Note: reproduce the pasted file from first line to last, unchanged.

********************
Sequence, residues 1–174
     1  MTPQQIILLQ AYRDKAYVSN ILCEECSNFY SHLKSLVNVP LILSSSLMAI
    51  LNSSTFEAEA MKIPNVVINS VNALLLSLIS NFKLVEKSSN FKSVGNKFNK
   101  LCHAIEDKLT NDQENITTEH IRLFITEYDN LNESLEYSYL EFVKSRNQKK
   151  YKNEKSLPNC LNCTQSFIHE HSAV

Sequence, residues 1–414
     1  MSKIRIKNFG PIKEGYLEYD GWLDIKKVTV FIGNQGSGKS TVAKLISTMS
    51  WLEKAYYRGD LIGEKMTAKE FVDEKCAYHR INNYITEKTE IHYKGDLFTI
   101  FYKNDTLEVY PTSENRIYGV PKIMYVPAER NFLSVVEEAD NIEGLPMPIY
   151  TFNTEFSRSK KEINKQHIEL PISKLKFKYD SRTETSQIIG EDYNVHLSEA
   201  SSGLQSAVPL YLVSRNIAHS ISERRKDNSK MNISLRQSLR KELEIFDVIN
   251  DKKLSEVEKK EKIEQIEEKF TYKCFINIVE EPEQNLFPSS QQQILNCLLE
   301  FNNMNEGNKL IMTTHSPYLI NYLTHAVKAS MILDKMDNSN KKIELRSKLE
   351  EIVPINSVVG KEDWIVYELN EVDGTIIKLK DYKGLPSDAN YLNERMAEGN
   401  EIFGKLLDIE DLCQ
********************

Sequence, residues 1–174
     1  MTPQQIILLQ AYRDKAYVSN ILCEECSNFY SHLKSLVNVP LILSSSLMAI
    51  LNSSTFEAEA MKIPNVVINS VNALLLSLIS NFKLVEKSSN FKSVGNKFNK
   101  LCHAIEDKLT NDQENITTEH IRLFITEYDN LNESLEYSYL EFVKSRNQKK
   151  YKNEKSLPNC LNCTQSFIHE HSAV

Sequence, residues 1–414
     1  MSKIRIKNFG PIKEGYLEYD GWLDIKKVTV FIGNQGSGKS TVAKLISTMS
    51  WLEKAYYRGD LIGEKMTAKE FVDEKCAYHR INNYITEKTE IHYKGDLFTI
   101  FYKNDTLEVY PTSENRIYGV PKIMYVPAER NFLSVVEEAD NIEGLPMPIY
   151  TFNTEFSRSK KEINKQHIEL PISKLKFKYD SRTETSQIIG EDYNVHLSEA
   201  SSGLQSAVPL YLVSRNIAHS ISERRKDNSK MNISLRQSLR KELEIFDVIN
   251  DKKLSEVEKK EKIEQIEEKF TYKCFINIVE EPEQNLFPSS QQQILNCLLE
   301  FNNMNEGNKL IMTTHSPYLI NYLTHAVKAS MILDKMDNSN KKIELRSKLE
   351  EIVPINSVVG KEDWIVYELN EVDGTIIKLK DYKGLPSDAN YLNERMAEGN
   401  EIFGKLLDIE DLCQ